Dognappers could face five years in jail under tough new rules after spate of pet thefts last year 

Dognappers could face five years in jail under tough new


Dognappers could face five years in jail under tough new rules after spate of pet thefts last year

  • Dognappers could be jailed for five years under plans to make it specific offence
  • Ministers are planning to add dognapping to Animal Welfare (Kept Animals) Bill
  • This news comes as more than 2,000 thefts were reported to the police last year










Criminals who steal a dog could be jailed for five years under plans to make it a specific offence.

Ministers are planning to add dognapping to the Animal Welfare (Kept Animals) Bill, which had its second reading in Parliament last month, following a recommendation from the pet theft task force.

The group was set up in May after more than 2,000 thefts were reported to the police last year.

Dognappers and other pet thieves could be jailed for up to five years under plans to create a new criminal offence (stock image)

Dognappers and other pet thieves could be jailed for up to five years under plans to create a new criminal offence (stock image)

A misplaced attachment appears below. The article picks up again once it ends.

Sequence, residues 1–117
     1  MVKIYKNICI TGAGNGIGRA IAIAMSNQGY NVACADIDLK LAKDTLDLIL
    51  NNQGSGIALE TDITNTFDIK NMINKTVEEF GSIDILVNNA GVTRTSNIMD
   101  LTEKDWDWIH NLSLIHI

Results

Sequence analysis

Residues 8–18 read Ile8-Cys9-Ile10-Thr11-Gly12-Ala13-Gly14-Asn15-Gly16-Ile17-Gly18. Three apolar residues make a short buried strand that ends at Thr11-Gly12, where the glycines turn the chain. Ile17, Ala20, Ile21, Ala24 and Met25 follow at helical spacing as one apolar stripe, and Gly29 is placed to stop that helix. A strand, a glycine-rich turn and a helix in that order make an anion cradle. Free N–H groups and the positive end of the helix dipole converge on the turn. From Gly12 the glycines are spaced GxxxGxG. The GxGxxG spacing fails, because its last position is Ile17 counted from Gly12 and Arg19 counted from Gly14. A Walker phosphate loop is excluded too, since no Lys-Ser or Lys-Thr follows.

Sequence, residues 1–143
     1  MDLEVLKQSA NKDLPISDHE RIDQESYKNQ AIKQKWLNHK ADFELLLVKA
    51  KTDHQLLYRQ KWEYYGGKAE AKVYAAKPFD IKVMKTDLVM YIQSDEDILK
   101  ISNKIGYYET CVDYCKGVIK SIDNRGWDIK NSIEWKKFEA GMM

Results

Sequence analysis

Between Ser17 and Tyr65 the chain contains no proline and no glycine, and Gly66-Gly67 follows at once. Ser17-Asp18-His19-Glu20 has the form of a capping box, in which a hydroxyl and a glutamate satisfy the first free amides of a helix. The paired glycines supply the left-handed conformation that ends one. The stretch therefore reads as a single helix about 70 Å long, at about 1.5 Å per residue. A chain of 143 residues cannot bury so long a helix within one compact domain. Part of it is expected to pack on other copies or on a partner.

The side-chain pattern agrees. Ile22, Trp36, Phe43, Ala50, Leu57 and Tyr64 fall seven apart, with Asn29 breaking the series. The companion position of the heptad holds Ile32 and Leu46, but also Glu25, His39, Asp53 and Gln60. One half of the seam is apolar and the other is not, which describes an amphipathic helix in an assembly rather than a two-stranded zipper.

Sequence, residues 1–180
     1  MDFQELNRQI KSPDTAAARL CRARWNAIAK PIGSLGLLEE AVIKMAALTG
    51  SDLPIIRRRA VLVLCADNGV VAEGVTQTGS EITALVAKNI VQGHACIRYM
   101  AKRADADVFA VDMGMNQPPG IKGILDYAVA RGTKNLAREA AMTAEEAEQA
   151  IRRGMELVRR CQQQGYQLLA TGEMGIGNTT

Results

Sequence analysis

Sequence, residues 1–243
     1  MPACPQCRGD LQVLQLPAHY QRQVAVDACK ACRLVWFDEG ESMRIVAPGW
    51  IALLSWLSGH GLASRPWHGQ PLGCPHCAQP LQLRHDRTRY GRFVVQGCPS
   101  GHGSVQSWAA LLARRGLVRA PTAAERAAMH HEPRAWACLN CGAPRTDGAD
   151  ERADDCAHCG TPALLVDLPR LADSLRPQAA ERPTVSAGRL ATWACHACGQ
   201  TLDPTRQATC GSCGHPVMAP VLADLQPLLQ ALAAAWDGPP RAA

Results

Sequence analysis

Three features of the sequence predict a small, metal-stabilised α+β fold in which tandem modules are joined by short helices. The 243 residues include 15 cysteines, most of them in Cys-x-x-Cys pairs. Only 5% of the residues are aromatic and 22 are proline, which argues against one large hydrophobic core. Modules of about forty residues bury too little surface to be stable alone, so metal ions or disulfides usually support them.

Paula Boyden, of the charity Dogs Trust, said: ‘Having your beloved pet stolen is an extremely stressful, often heart-breaking experience. 

For years, Dogs Trust has called for harsher penalties to deter those who profit from this despicable crime. We very much hope that the increased sentencing will make pet thieves think twice.’

The Department for Environment, Food and Rural Affairs said dog thefts made up seven out of ten crimes involving animals.

The new offence would take into account the emotional distress caused to the owner and the dog. 

There will also be a provision in the Bill to include other pets in future if evidence supports that.

The UK’s Chief Vet, Dr Christine Middlemiss, said it was ‘an important step’ with dogs being treated ‘as sentient beings rather than merely property’. 

‘It would also ‘reassure pet owners that these crimes are being taken seriously’.

Environment Secretary George Eustice said: “The loss of a much-loved pet causes unique distress. I am pleased that we are legislating to recognise this specific crime.

“The new dog abduction offence will reflect the impact on animals in penalties for criminals, and deliver justice for victims.”

David Bowles, head of public affairs at the RSPCA, said pet theft is “devastating” for owners, adding that he hopes the offence will “act as a real deterrent to those who carry out this crime”.

He added: “While the current proposed law applies to dogs, we are really pleased to see the Government has also recognised how much other animals mean to people as well, and put in provision to extend it to other pets.

“We hope this new law, which will see sentences up to five years, will help crack down on the heart-breaking issue of pet theft.”



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